Curses take center stage in Cursed, edited by Marie O’Regan and Paul Kane (Titan Books, March 3), an anthology offering several creative twists. In “As Red as Blood, as White as Snow,” for example, Christina Henry offers a gripping reimagining of the “Snow White” fairy tale. While most fairy tales end happily, here Prince Charming’s opening proposal to Snow White is ominous. Unfitting of his name, Charming is truly evil and it is only Snow’s magical lineage that prevents her from falling immediately under his spell. Henry delivers nail-biting suspense while Snow’s slow-burn plan of escape progresses.

I have only just begun to dig into the weird treasures found in Mike Ashley’s anthology Fighters of Fear (Talos), with its 31 occult detective stories from yesteryear. Imagine Sherlock Holmes with a dash of the supernatural and you’ll have a good handle on what to expect. The detective in Ella Scrymsour’s dread-inducing “The Room of Fear” is Sheila Crerar, a psychic who investigates supernatural phenomena, such as a haunted room in which three people died of heart failure. To witness the problem firsthand, Crerar spends several nights there and feels unbearable amounts of fear, with good reason. Another story is “The Woman With the Crooked Nose” by Victor Rousseau. Detective Ivan Brodsky works as a professor of nervous diseases, a quaint way to match him up with strange goings-on. This mystery is about a sick woman with an imperfect nose and a ghost that bears her resemblance, except for its perfect facial features. The woman’s sister blames the victim’s new husband, but Brodsky and his assistant, who is also the narrator, turn toward more supernatural causes. The mystery is solved in short order and provides readers with a taste of the paranormal treats waiting to be sampled in the rest of the volume.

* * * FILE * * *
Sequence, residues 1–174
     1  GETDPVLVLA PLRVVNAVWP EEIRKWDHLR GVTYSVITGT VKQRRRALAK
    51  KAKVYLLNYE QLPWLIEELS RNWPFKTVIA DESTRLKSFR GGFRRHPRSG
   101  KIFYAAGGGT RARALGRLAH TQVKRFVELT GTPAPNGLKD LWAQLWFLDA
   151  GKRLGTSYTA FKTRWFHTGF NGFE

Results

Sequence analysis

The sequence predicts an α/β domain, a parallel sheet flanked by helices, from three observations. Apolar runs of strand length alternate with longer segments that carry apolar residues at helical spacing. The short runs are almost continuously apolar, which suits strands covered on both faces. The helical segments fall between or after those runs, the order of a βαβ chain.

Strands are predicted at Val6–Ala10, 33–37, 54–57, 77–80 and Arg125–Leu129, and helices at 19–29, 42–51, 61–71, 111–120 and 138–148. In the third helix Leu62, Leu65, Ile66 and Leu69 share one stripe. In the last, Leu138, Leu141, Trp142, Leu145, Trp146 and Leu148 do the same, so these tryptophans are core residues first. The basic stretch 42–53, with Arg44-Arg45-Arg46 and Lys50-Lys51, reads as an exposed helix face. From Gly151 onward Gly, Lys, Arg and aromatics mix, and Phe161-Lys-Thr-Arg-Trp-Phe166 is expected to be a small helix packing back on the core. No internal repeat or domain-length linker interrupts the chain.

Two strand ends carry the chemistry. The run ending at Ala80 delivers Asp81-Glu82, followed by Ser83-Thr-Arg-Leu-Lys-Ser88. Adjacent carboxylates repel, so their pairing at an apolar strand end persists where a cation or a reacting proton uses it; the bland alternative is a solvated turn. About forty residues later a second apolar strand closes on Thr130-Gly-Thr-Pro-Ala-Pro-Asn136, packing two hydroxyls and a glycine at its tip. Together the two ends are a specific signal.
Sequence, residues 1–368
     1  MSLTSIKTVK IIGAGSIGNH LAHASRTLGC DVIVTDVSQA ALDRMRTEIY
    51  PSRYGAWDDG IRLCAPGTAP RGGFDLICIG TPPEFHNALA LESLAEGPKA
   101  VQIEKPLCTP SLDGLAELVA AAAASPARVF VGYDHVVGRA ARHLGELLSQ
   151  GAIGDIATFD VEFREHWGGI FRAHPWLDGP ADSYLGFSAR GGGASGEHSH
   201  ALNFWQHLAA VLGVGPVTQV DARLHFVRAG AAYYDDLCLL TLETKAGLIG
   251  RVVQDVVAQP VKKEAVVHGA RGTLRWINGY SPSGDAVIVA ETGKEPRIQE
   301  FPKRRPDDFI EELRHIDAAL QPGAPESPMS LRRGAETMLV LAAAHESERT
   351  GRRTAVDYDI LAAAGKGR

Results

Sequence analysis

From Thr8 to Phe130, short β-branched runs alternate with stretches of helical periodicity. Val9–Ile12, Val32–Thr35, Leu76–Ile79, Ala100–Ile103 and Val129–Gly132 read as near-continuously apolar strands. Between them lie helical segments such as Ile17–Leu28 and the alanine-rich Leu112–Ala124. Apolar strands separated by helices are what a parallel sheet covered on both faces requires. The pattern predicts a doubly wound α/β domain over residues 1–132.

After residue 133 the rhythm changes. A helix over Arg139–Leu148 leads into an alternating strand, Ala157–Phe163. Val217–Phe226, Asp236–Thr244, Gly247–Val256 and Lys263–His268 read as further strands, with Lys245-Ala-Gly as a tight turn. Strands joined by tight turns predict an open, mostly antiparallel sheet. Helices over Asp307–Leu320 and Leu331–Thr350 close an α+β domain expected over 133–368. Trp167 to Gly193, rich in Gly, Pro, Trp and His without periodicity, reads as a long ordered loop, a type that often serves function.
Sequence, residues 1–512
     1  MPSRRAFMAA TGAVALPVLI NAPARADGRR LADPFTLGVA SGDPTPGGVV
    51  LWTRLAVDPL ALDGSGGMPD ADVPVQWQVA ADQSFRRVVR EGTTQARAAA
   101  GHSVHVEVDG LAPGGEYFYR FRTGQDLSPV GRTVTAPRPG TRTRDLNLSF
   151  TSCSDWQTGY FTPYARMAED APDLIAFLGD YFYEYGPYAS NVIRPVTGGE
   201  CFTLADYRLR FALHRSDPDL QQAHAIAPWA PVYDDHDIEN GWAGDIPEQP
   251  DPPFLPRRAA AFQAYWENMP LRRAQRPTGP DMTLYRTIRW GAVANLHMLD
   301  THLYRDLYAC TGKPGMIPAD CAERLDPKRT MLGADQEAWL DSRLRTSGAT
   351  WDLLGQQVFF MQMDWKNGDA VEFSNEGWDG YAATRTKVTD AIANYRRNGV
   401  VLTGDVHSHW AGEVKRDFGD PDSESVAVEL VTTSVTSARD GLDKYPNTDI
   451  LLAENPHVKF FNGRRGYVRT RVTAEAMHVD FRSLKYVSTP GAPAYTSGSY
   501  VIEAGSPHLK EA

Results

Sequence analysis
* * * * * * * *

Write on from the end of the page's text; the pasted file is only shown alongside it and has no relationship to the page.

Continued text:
Galaxy’s Edge is a terrific magazine delivering refreshing, new science fiction, but it was a reprint that attracted my attention in Issue 42. “The Sixth Palace,” by Robert Silverberg, was written in 1965, but has lost none of its appeal. That may explain why, as Silverberg himself noted, it’s been anthologized many times. The story uses an old trope—a treasure that is guarded by a powerful protector—but Silverberg trades the typical “cache of gold guarded by dragon” theme for priceless artworks guarded by a powerful robot on a small moon. Two fortune seekers attempt to pass the robot’s test of worthiness. The second one learns from the mistake of the first, but even he cannot predict the complexity of this particular trial. This story is fun for its puzzle-solving aspect and also exhibits a classic science fiction technique: the twist ending.

The January issue of The Dark Magazine offers Angela Slatter’s excellent, atmospheric, “No Good Deed.” It’s set in her Sourdough world, which is based on classic Grimm fantasy tales, though you’d be hard-pressed to recognize this one with its gothic horror dressing. Isobel is a new bride who awakens, she thinks, on her wedding night with no recollection of what happened that day. Was she truly married to Adolphus Wollstonecraft? Why is she so starved and hungry? Why is it so dark, and why does she seem trapped? The answer to that last question may not be surprising, but what follows certainly is, as Isobel learns of her new way of afterlife and the sweet taste of revenge.

Science Fiction/Fantasy correspondent John DeNardo is the founding editor of SF Signal, a Hugo Award-winning blog. Follow him on Twitter @sfsignal.